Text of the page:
2 theaters nominated for 16 Hayes awards

Shows: Toby's Dinner Theatre garners nine nominations, and Rep Stage receives seven.

Howard Live

Howard County

April 01, 2004|By Sandy Alexander | Sandy Alexander,SUN STAFF

Two Howard County theaters have been nominated for 16 Helen Hayes awards - double their total from last year - making a strong showing against about 60 professional theaters in the metropolitan Washington area.

Toby's Dinner Theatre in Columbia earned nine nominations for its production of Ragtime, and Rep Stage, a professional company in residence at Howard Community College, earned seven for its shows The Dazzle and The Return to Morality.

"There is some damn good theater in Howard County," said Rep Stage artistic director Valerie Lash. "We were very happy," she said, in part because of a nomination in the category for outstanding play that put the theater "right up there with the big boys."

Toby Orenstein, owner of Toby's Dinner Theatre, agreed it was gratifying to be recognized with such well-known groups as the Shakespeare Theater, the John F. Kennedy Center for the Performing Arts and Arena Stage in Washington.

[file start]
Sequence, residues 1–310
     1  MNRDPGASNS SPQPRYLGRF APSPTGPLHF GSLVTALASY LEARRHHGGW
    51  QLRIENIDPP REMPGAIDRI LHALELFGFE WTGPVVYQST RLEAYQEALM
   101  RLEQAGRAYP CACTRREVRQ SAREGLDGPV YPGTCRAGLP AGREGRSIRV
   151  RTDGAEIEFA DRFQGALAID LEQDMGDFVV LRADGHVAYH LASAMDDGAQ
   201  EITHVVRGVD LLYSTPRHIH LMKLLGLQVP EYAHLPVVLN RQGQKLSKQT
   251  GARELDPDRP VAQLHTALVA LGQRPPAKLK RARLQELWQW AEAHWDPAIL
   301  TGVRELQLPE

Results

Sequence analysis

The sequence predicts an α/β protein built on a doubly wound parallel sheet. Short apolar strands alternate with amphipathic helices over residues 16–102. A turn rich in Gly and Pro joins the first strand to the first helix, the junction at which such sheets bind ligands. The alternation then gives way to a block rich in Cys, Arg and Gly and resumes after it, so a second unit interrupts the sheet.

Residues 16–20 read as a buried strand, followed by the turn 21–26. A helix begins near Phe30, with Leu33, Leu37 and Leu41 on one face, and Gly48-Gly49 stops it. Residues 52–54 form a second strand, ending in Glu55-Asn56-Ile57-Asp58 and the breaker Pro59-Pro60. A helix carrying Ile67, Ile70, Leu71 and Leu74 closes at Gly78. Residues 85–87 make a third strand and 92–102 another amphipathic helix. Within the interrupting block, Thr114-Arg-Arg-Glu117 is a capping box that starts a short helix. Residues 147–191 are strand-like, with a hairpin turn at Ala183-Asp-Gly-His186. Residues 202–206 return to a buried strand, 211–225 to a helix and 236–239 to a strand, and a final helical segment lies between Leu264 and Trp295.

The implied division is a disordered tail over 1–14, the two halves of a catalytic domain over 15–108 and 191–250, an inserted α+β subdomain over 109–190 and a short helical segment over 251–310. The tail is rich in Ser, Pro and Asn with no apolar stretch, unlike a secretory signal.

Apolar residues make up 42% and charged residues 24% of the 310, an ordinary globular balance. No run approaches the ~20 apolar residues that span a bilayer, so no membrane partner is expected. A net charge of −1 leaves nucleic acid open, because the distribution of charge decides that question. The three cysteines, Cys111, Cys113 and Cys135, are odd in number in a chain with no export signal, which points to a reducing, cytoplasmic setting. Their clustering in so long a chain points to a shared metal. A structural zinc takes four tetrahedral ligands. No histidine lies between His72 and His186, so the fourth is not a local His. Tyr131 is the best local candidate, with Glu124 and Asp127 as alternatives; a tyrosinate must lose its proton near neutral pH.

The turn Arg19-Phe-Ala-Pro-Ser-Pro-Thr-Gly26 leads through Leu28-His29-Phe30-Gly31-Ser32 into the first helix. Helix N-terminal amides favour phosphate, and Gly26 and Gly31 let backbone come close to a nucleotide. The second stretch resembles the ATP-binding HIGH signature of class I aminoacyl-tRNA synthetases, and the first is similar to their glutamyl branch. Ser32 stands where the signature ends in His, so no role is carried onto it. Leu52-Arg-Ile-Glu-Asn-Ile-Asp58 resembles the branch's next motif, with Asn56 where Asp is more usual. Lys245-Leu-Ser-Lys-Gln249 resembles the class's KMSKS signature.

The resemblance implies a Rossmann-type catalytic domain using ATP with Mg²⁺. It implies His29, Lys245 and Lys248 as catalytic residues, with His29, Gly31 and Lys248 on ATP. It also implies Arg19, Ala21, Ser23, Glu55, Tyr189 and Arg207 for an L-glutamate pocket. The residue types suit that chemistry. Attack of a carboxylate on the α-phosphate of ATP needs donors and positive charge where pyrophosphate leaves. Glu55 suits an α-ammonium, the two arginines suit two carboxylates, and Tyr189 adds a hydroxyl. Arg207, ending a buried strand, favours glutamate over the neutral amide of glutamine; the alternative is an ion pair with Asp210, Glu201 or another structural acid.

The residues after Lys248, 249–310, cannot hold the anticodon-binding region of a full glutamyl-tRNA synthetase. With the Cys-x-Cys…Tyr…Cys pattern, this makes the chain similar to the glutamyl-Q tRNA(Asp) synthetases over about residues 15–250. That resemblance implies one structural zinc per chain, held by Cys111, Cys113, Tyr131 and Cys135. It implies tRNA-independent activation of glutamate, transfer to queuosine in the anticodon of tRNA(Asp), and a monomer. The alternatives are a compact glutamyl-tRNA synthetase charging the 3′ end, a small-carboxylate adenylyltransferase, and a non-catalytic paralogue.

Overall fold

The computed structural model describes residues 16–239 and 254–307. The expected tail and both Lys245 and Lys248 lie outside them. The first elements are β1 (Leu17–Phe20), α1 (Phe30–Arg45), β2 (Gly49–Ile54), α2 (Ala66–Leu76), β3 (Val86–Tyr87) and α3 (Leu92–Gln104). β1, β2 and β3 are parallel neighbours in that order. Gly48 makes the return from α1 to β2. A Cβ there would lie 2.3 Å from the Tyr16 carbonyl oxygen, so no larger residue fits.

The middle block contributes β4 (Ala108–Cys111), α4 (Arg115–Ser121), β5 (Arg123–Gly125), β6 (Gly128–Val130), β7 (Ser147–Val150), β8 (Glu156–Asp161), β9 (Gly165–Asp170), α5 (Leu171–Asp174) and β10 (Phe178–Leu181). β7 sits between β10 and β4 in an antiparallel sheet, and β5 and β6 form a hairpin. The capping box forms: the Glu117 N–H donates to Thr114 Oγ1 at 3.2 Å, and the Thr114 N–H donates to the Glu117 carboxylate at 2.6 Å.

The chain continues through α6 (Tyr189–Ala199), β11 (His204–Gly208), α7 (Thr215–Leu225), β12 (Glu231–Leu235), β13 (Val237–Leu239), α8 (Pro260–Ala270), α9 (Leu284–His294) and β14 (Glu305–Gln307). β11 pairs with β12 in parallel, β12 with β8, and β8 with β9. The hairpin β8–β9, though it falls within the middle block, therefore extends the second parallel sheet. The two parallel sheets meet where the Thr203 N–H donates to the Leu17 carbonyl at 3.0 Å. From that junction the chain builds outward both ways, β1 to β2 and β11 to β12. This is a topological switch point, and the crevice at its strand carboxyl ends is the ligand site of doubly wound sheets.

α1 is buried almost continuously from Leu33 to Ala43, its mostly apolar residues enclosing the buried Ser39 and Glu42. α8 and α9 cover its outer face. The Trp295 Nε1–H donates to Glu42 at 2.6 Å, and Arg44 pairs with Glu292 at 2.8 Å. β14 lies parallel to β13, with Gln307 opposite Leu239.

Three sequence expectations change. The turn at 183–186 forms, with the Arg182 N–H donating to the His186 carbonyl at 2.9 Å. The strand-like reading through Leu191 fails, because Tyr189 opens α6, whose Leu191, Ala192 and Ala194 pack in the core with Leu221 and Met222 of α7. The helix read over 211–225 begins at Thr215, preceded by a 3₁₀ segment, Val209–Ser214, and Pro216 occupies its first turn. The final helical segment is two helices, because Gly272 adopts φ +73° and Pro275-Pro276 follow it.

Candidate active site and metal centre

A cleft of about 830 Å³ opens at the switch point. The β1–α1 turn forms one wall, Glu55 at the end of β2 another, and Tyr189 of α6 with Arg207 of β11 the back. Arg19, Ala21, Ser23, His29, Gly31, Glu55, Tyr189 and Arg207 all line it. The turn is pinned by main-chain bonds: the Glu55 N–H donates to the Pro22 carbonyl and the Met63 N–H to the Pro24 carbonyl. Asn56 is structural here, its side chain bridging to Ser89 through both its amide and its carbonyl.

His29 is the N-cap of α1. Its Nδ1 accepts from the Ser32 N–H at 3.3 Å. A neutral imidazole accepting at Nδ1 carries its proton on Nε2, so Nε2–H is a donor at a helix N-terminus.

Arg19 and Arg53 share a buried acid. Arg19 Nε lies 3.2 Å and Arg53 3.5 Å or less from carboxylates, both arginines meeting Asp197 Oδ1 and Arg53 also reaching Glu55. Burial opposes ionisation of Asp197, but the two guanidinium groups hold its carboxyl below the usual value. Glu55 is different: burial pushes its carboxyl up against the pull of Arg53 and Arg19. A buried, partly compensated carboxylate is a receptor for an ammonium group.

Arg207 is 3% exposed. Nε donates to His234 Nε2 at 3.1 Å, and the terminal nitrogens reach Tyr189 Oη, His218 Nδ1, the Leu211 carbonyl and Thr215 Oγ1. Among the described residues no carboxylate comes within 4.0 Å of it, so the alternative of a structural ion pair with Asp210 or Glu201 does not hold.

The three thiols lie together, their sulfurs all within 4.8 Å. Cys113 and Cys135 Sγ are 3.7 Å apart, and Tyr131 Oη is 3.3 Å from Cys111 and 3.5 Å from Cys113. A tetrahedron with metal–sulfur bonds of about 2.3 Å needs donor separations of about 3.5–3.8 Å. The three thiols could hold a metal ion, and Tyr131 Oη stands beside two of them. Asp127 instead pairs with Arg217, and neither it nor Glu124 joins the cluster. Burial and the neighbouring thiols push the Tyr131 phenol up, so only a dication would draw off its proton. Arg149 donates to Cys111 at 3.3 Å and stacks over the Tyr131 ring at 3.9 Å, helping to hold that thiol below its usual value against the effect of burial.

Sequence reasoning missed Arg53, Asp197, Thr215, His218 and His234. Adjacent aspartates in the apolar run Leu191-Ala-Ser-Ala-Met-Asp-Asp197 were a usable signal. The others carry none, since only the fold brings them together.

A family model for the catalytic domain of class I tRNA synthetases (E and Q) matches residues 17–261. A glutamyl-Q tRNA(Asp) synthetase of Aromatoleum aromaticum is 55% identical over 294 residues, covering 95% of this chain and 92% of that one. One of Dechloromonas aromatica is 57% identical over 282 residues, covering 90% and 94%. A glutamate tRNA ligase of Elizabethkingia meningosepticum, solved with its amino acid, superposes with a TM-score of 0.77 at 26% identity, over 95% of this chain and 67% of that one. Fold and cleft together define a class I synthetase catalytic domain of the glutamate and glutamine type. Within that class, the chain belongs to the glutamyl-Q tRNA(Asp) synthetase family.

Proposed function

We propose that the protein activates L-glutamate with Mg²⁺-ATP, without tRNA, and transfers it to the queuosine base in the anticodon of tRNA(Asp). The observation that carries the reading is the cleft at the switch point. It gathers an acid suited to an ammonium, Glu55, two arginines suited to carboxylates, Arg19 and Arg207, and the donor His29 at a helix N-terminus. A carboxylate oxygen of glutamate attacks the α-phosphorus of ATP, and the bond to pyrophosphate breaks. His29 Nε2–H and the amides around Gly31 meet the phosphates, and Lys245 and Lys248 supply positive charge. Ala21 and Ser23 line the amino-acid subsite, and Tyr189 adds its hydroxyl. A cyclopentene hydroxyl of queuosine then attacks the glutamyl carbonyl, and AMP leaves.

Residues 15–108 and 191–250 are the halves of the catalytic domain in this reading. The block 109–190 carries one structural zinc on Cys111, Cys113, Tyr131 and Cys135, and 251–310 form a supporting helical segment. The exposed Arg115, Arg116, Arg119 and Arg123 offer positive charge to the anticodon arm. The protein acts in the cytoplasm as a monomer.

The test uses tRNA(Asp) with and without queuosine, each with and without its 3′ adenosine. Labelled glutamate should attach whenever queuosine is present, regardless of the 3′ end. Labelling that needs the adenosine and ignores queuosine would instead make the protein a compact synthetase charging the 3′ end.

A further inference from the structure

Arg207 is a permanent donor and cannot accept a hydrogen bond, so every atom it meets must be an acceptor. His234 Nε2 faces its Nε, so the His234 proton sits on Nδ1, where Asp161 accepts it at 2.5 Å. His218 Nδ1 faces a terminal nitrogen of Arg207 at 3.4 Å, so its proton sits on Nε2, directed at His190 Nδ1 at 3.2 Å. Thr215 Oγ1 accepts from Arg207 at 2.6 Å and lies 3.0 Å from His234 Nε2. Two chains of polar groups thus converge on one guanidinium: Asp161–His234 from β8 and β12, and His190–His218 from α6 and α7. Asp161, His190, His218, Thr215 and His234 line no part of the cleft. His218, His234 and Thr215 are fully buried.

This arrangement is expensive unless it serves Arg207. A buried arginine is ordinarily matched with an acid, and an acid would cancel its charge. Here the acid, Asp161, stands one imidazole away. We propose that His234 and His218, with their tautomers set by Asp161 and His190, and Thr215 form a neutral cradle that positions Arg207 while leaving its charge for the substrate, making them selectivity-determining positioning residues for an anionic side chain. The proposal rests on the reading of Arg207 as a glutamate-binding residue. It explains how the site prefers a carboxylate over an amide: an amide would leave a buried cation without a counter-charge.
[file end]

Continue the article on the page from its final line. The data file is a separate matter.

"I don't think people that don't know about these awards and nominations realize the amount of competition that Rep Stage and we have," she said. Judges considered 193 shows in this year's competition.

Orenstein said Ragtime, which was the most-nominated production in the competition this year, "would certainly rank among the top 10 shows" she has done in the theater's 25 years. "It was one of those experiences in life where everything comes together under the right planets and stars," she said.

The musical tells the story of white Anglo-Saxon Protestants, immigrants and African-Americans struggling to find their places in a changing society in the early 20th century.

Toby's production earned a nod for outstanding resident musical and for Orenstein as director. (Resident means the show is not a traveling production.) Orenstein won a directing award last year for her production of Jekyll and Hyde, The Musical.

Also nominated were musical directors Douglas Lawler and Christopher Youstra and choreographer Ilona Kessell.

Kessell, of Owings Mills, said she loved the book Ragtime, by E.L. Doctorow, and the Broadway production. "I wasn't sure we'd be able to pull it off in our space," she said. "The hardest part was to do that opening sequence in the round, where three groups [move] in and out, mesh and unmesh."

Kessell directs the dance program at McDonough School in Owings Mills and has been choreographing shows since 1985 at several area theaters. She has been nominated for seven Helen Hayes awards and won in 2002 for Toby's production of Damn Yankees.

The Helen Hayes judges "view many, many shows," Kessell said. "To be selected, it is a kick."

Ragtime also had a strong showing in the acting categories. Channez McQuay was nominated for best supporting actress. Lead actor nominations went to Tom McKenzie and Rob McQuay, and lead actress nods went to Nancy Parrish Asendorf and Eleasha Gamble.

"It was magical," said McKenzie of his experience with the show.